Tuesday, 31 January 2012

Bailouts and bonuses

Yesterday's article from Toby Young:
RBS shares fell 2.5% this morning, partly on the back of Stephen Hester's decision to waive his bonus. As Alistair Heath pointed out on the Today programme this morning, investors are clearly worried that from now on RBS will be subject to frequent political meddling and will no longer be run as a commercial business. What this means is that, thanks in part to the populist posturing of Ed Miliband and Chuka Umunna, as well as their anti-capitalist cheerleaders in the media, the bank is now worth £330m less than it was at close of play on Friday evening. So the leaders of the Labour Party haven't saved the British taxpayer £1m; they've cost the taxpayer £329m. Nice one, guys.

Stop Press: Turns out I was wrong about this. In fact, the British taxpayer has lost £900m from this bonus fiasco.
It is an impossible situation. On the one hand, it can't be right for the executives of loss-making state-owned enterprises to take home massive bonuses (most loss-making private sector enterprises don't pay bonuses at all). On the other, the banks cannot hope to recover and return to profitability with constant meddling from politicians. The only solution is not to bail banks out in the first place.

Two aspects of this sorry saga are worth highlighting, however.

The first (as noted by DK and others), is the staggering hypocrisy and shameless opportunism of the Labour party. It was Gordon Brown who bailed out the banks, with the enthusiastic support of the current leaders of the Labour Party. More than that, they seemingly agreed a contract that provides for the very bonus they're now denouncing.

The second item of note was captured beautifully in a tweet from @RyanCPS:
Anyone else wish our political leaders gave Hester's bonus-style scrutiny to every £1 million of state spending?

Daniel Hannan also covered the story of Hester's bonus:
Hester has done precisely what the Government brought him in to do, salvaging what he could from a wrecked bank and preparing it for privatization. The fall in the share price of RBS is hardly his fault: all bank shares have lost value, partly because of the eurozone crisis and partly because of the Government's own regulations. If anything, Hester's bonus is less generous than he might have expected on the basis of his contract and results. Yes, it's a larger sum than I'd have offered had I been the minister who agreed his contract; but, again, that's hardly his fault.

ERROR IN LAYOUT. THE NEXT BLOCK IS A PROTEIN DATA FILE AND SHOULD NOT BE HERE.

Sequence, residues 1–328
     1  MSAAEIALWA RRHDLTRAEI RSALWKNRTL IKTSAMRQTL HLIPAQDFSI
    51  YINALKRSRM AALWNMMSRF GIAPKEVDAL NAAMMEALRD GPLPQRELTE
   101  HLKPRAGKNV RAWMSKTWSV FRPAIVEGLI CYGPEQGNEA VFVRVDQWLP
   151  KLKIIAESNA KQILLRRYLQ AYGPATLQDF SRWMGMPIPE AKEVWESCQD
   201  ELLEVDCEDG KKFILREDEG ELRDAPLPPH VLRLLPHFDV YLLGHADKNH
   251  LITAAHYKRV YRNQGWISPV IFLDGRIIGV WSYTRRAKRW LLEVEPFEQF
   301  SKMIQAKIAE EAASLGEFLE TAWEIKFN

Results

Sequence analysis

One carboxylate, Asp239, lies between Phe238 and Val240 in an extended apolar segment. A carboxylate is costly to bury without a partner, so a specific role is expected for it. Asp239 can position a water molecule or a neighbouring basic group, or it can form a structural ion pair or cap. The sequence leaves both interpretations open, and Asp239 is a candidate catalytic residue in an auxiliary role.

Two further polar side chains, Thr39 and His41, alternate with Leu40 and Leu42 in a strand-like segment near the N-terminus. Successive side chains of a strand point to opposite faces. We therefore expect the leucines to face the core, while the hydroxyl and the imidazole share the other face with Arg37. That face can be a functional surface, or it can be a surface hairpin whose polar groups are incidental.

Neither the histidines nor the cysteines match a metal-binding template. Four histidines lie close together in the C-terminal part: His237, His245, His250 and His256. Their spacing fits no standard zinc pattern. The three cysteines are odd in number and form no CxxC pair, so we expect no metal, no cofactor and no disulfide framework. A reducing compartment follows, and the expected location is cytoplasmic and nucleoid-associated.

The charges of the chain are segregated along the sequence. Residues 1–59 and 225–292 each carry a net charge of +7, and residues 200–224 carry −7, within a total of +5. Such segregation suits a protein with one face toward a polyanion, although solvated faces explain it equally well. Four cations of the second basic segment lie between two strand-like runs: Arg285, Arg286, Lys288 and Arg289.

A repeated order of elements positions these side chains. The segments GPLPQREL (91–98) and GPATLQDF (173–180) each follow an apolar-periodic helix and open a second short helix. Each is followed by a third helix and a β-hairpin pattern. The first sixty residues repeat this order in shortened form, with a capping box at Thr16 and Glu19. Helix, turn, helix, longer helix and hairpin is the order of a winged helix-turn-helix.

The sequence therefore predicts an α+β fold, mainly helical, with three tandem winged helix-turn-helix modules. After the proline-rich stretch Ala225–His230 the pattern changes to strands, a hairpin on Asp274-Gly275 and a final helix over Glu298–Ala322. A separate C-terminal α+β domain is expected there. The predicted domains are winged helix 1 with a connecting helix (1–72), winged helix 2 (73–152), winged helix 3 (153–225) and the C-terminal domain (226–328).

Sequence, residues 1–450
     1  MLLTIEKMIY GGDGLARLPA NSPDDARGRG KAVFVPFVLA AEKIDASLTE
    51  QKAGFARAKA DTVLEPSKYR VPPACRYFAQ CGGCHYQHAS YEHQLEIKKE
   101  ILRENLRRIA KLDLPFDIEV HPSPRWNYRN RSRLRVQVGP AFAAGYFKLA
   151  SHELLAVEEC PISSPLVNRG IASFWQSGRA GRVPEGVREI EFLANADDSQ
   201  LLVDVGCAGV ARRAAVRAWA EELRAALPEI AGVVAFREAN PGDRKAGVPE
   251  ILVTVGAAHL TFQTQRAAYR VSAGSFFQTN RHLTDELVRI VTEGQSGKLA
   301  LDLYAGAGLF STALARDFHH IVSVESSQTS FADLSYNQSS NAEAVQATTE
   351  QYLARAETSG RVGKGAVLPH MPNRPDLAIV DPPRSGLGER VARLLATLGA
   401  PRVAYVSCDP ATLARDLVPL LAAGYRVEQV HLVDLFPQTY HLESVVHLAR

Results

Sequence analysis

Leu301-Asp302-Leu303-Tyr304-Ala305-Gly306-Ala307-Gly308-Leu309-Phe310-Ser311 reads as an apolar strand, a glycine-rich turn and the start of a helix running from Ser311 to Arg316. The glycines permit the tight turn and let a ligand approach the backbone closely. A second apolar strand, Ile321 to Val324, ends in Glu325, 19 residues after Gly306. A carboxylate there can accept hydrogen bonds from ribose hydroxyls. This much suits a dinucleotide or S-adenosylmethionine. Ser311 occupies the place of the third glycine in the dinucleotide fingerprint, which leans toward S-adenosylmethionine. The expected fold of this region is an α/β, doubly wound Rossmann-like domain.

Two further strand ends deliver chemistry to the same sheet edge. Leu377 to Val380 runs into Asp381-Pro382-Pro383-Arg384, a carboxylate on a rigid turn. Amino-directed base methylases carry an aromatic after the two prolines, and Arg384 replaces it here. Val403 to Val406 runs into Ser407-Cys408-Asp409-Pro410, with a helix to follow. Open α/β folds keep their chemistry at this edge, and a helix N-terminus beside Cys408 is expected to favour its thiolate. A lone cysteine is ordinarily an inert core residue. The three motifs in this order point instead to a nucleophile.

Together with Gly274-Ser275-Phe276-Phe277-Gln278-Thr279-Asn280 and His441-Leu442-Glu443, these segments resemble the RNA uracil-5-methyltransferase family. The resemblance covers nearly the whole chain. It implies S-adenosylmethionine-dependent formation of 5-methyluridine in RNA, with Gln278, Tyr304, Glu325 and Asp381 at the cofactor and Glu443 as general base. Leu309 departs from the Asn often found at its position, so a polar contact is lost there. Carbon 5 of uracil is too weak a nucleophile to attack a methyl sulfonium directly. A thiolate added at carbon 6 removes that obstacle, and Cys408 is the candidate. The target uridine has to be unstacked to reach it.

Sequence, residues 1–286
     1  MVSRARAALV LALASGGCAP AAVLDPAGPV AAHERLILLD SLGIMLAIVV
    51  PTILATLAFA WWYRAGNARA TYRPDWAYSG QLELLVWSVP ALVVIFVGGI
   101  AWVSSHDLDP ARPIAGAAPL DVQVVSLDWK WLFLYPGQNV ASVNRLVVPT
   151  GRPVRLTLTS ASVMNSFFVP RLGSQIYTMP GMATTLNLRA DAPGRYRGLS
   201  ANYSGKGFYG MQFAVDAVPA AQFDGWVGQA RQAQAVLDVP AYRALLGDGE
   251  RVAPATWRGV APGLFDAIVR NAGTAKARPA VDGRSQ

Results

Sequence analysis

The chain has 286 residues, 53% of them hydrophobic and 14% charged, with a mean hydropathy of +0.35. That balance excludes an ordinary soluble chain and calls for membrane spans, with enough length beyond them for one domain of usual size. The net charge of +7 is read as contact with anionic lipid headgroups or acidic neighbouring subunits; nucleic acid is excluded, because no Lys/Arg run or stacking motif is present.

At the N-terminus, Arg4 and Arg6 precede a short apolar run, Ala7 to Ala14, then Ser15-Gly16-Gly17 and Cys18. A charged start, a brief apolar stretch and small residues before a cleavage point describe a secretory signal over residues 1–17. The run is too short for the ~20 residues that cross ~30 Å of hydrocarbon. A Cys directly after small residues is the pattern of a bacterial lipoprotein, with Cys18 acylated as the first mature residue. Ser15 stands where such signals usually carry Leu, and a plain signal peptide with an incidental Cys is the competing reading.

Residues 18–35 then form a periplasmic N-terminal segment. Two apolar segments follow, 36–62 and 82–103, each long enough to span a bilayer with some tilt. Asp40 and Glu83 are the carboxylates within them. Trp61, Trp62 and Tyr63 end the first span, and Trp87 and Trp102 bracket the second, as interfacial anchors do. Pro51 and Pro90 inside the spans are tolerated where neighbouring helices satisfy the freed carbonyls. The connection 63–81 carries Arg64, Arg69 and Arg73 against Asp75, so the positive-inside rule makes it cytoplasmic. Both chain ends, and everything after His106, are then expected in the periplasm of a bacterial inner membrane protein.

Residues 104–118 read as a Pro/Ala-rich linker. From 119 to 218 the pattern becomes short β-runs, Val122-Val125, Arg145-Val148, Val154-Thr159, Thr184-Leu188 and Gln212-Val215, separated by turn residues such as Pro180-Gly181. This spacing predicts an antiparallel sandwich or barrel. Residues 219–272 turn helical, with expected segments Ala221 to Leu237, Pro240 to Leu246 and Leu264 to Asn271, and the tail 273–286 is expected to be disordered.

In any case, the bonus is the one part of his package that is performance-related, being payable in stock. If RBS shares rise, he gains, if they fall, he loses. I can't for the life of me understand why critics should have seized on this aspect of his remuneration, rather than the £1.2 million basic salary which he will receive regardless of whether the company prospers. The anti-bonus media campaigns have had the perverse effect of pushing banks into paying higher salaries – surely more objectionable than rewarding employees in proportion to their success.
All fair points.

I'll grant that many executive compensation schemes, especially in the financial sector, have used definitions of 'success' that don't align well with the long-term interests of the shareholders, but that's nobody's business but the shareholders (or at least it would be, if the government could resist their bailout urges).

However, Hannan goes on to write something that strikes me as subtly but significantly wrong:
You might feel a legitimate resentment against RBS pay packages, even if they are not directly financed by taxpayers, but be relaxed about those in private banks. If so, I agree with you; but you and I are in the minority. Barclays' Bob Diamond was recently being criticised in almost exactly the same language as is Stephen Hester today. The fact that Barclays declined a bail-out, paid a premium to recapitalize privately and then outperformed the banks that had taken government cash, was lost in the general cry of 'why does anyone need that much?'
There are very few genuinely private banks, and Barclays is certainly not among them. All the major commercial banks suckle at the teat of the central bank. Even when they're not being explicitly bailed out, they're being heavily subsidised. That's not free enterprise, it's monetary socialism.

And though Barclays declined a bailout, they almost certainly benefited from the bailout of RBS, just as Goldman Sachs benefited from the bailout of AIG. It's impossible to say how things would have played out if all of the bad banks were allowed to go bust, but there would have been more justice.

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